The gender pay gap - not just a squeeze on pockets
To progress on equality, we need more pay transparency.
When The Equality Trust looked at women’s remuneration in FTSE 100 companies and their subsidiaries in 2019 we found pay gaps that were over 50% and bonus gaps at over 80%. There were huge differences within the same sector and even within the same group of holdings.
In 2020, we found there were still large gender pay gaps in organisations such as Rush Hair (69.2%), Yours Clothing (59% and bonus gap: 88%), and HSBC Bank (55.1% and bonus gap: 68.5%).
Other high street names reporting high gender pay gaps in 2019 chose not to report in 2020, such as Sweaty Betty (63.9%), Virgin Atlantic (58.9%), Karen Millen (53%) and Monsoon (50.8%).
Our report analysed gender pay and bonus gap reporting for all companies (those that reported in the first two years of the gender pay gap regulations and all that had reported by 23 July), presenting a new three-year analysis of the trends from 2017.
It revealed paltry progress on reducing the gender pay gap over the three years of company reporting and an increase of 179% on the average gender bonus gap of reporting companies. Along with little if no improvement, the same names feature among the major offenders each year.
To see the scale of women’s potential lifetime earning loss because of the gender pay gap in the FTSE 100, our calculator tells you how much you could lose over 45 years of working life. It’s a sobering experience.
In a year when women have borne the brunt of furlough, home-schooling and redundancies and people have finally realised the importance of essential workers, many of whom are low-paid women, then insult is added to injury when we had to fight for the restitution of the gender pay gap reporting regulations.
Women’s equality & coronavirus:
The Equality Trust successfully brought a motion calling for the addition of horizontal gender pay reporting by grade to Landsec’s AGM this year and it agreed to this ground-breaking move.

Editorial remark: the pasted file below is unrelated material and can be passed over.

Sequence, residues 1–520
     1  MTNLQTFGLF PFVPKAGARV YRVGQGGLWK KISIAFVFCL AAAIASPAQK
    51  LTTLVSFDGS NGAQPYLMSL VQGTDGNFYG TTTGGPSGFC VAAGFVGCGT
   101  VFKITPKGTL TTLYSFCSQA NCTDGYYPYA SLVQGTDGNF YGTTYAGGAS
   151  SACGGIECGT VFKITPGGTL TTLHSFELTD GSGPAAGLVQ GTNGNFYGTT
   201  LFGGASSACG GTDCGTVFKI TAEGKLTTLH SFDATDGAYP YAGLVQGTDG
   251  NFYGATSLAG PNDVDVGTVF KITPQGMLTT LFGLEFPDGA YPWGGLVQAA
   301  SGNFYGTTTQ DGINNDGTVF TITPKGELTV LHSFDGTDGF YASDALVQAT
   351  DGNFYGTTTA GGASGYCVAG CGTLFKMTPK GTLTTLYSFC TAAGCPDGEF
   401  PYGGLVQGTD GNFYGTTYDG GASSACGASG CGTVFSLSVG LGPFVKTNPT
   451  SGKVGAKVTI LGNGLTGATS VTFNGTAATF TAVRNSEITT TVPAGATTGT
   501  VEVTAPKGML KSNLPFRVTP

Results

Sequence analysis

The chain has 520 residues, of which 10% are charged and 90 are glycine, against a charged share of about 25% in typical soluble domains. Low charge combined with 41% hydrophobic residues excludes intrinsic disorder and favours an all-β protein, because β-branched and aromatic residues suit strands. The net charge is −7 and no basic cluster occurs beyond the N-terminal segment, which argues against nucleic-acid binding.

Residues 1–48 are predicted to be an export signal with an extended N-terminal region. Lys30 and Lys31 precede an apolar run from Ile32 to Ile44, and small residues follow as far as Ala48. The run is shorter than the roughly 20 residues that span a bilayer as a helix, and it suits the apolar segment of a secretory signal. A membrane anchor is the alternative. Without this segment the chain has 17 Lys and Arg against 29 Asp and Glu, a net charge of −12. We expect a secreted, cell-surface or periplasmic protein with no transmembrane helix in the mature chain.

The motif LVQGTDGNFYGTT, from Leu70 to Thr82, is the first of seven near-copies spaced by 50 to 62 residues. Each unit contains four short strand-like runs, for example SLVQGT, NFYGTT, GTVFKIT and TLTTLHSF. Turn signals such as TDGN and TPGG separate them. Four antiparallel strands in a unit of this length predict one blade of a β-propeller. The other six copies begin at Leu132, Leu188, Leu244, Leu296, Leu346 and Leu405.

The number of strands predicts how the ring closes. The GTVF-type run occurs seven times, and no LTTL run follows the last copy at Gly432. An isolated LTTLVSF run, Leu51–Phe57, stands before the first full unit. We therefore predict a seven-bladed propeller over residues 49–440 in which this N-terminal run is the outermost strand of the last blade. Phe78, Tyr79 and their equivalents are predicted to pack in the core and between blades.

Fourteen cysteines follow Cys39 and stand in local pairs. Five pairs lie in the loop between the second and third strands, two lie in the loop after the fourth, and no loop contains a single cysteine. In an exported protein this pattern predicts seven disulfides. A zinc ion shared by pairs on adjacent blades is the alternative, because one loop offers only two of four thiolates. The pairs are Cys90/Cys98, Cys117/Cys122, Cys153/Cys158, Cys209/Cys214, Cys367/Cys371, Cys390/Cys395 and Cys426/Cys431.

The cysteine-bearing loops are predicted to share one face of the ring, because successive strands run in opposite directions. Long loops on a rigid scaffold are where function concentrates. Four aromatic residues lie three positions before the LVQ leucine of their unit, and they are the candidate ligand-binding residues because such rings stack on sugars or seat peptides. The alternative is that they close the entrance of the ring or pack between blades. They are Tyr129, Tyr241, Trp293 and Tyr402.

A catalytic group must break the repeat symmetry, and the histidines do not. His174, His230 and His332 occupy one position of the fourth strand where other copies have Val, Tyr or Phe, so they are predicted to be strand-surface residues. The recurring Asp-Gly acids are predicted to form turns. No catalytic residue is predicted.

Pay inequality doesn't just have repercussions for women’s pockets and pay cheques, but also contributes to increased pensioner poverty.
In addition, gender pay gaps, ethnic pay gaps, class pay gaps and astronomical CEO to worker pay gaps are a sign of high levels of inequality and we must remember that the UK is one of the most unequal countries in the OECD.
As Professors Richard Wilkinson and Kate Pickett wrote in The Spirit Level: Why More Equal Countries Almost Always Do Better, "most of the important health and social problems of the rich world are more common in more unequal societies." In other words, in countries with high levels of income inequality, we also see higher levels of poor mental health, poor physical health, violent crime, imprisonment, teenage pregnancy and obesity and lower levels of social mobility, educational attainment and trust.
The intersection between economic and social inequalities is clear when we consider pay gaps.
These issues cannot be considered in isolation, as the pay gaps experienced by women as a result of also being from a minoritised group, and/or disabled and/or because of their class, can add multiple pay disadvantages, just as higher levels of education, geography and class can also confer advantage.
One of the key measures in the fight against pay discrimination and pay gaps is salary transparency. So, on International Women’s Day, don’t give me flowers and chocolate, give me transparency and pay equity.
Wanda Wyporska is executive director of The Equality Trust
Today (8 March) is International Women's Day and across the week, HR magazine will be providing expert perspectives on gender equality and the expectations of women in the workplace.
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